Mr Zuckerman ignores the tag and tells everyone to buck up and give Wilbur a buttermilk bath. Everyone who comes to Wilbur’s pen has something good to say about him. Suddenly, over the loudspeaker a voice is heard asking Zuckerman to bring his famous pig to the judges’ booth for a special award. Wilbur is awarded a medal for being phenomenal and completely out of the ordinary and Mr Zuckerman is given $25. Since the writing first appeared in the web, the miracle has been on everyone’s mind. After the press photos and the commotion, Wilbur is returned to his pen. Wilbur notices that Charlotte is quiet and looks unwell.
She tells him that she is content now that she knows he is safe – she knows Mr Zuckerman will never harm him now, but she tells Wilbur that she is failing and will be dead in a day or two. Panicked and distraught Wilbur races around the pen, begging Charlotte to come home with him, but she hasn’t enough energy to move. Wilbur decides to take Charlotte’s egg sac and promises Templeton first choice of his slops if he retrieves the sac. As Wilbur carries the sac in his mouth and is led into the crate, he winks at Charlotte and she musters all the energy she can to wave goodbye.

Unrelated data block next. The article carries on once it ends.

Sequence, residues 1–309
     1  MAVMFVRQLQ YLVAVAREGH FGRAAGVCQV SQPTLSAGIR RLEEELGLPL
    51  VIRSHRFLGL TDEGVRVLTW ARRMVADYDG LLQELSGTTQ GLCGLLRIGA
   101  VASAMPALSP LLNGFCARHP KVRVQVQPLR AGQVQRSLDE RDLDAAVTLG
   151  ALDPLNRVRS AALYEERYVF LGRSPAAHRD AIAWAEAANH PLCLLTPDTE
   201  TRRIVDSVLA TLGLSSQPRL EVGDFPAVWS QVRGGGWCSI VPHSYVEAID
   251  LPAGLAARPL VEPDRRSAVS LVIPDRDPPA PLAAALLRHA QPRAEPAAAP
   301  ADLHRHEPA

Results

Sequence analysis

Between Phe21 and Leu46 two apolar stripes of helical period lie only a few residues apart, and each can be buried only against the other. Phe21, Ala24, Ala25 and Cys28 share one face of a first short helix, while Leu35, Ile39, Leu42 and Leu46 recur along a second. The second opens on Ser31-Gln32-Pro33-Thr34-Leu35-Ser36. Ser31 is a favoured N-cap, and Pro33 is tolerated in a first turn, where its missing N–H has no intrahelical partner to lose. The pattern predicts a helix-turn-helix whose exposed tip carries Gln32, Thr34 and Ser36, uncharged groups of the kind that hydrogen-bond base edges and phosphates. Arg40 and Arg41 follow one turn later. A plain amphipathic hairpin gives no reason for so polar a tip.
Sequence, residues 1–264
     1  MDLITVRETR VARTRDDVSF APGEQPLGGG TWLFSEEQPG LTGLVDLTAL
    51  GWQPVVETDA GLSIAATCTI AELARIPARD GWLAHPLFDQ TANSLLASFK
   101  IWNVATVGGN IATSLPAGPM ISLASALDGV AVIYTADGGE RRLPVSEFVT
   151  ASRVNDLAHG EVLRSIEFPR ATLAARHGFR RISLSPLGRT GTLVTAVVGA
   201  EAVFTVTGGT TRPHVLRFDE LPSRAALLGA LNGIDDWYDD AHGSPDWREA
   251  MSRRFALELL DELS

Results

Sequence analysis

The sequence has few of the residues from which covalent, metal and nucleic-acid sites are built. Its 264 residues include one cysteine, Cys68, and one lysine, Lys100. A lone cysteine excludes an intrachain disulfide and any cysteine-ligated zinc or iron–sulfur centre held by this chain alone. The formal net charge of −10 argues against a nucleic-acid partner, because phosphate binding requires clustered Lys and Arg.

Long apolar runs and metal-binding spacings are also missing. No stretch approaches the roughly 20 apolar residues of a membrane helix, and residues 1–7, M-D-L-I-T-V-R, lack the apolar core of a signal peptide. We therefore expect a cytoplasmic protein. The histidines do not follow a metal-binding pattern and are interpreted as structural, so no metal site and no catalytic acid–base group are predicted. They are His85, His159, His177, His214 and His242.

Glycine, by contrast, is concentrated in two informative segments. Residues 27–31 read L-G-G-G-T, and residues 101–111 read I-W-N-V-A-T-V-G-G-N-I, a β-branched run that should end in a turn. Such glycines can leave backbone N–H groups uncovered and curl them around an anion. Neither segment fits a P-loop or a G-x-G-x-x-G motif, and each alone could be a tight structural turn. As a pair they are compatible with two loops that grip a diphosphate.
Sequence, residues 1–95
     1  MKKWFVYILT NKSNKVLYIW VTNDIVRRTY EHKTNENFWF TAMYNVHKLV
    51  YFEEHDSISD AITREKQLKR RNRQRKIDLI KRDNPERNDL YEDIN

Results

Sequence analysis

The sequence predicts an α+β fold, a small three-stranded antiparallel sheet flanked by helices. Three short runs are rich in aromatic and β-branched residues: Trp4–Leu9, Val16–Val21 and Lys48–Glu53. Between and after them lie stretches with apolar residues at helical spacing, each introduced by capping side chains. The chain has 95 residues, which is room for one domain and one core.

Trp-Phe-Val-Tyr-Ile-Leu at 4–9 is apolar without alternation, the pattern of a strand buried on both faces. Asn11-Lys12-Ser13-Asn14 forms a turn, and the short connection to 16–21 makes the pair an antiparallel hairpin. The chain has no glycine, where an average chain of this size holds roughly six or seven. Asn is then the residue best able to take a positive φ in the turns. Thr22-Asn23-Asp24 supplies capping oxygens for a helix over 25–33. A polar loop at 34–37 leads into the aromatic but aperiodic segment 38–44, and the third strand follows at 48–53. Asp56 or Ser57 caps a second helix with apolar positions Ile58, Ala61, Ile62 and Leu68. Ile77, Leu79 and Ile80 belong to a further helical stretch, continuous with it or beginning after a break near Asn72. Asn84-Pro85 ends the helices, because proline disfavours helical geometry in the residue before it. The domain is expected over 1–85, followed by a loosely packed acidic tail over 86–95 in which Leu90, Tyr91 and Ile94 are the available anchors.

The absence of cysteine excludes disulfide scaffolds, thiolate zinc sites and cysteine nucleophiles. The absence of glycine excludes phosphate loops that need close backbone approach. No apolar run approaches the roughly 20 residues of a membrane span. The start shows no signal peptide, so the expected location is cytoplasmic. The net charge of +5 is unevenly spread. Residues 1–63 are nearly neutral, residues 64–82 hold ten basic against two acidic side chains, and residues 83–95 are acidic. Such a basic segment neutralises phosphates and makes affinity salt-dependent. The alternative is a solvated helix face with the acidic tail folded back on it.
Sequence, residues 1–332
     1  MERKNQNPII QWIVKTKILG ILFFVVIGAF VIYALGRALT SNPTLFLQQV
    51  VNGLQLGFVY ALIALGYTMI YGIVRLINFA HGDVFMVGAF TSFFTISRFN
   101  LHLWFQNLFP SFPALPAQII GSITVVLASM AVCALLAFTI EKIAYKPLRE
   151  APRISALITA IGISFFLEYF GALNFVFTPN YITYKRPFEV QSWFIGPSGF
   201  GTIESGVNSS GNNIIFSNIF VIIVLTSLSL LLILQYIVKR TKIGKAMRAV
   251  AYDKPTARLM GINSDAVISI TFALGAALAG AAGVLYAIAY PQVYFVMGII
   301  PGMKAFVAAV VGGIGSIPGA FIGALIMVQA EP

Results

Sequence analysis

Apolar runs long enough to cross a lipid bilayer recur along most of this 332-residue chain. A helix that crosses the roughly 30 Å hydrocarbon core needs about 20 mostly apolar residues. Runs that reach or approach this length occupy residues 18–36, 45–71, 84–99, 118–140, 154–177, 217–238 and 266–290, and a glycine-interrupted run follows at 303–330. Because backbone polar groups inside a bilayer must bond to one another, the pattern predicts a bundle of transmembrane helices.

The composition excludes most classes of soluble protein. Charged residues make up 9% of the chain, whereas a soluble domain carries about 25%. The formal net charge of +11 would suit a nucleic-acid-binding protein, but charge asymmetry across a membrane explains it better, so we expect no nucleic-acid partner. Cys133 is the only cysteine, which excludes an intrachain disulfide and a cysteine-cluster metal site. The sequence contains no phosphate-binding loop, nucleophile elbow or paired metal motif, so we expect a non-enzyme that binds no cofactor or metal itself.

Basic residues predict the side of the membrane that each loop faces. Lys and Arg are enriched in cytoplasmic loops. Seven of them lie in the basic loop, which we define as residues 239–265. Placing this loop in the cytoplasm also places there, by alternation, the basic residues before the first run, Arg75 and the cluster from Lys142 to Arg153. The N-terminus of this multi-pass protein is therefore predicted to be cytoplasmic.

The next day, as the Ferris wheel is being taken apart, Charlotte dies. Back at the Zuckerman’s, Wilbur is given a noisy welcome home. He waits patiently for the birth of Charlotte’s children and often looks longingly at her empty, broken web. When her children are finally born, Wilbur is distraught to see them let out loose clouds of fine silk that carries them far away on the breeze. Three of Charlotte’s children stay in the barn with Wilbur, however and become his good friends. Year after year new spiders are born to replace the old but no one ever replaces Charlotte in Wilbur’s heart.
This book is especially good for first time readers who have taken the big jump from short stories to a real novel. It is easy reading and the talking animals captivate the young children. An affectionate, sometimes bashful pig named Wilbur befriends a clever spider named Charlotte, who lives in the rafters above his pen. A prancing, playful pig, Wilbur is devastated when he learns of the destiny that befalls all those of pork animal persuasion. Determined to save her friend, Charlotte spins a web that reads “Some Pig,” convincing the farmer and surrounding community that Wilbur is no ordinary animal and should be saved. In this story of friendship, hardship, and the passing on into time, E.B. White reminds us to open our eyes to the wonder and miracle often found in the simplest of things.
University/College: University of Arkansas System
Type of paper: Thesis/Dissertation Chapter
Date: 28 September 2016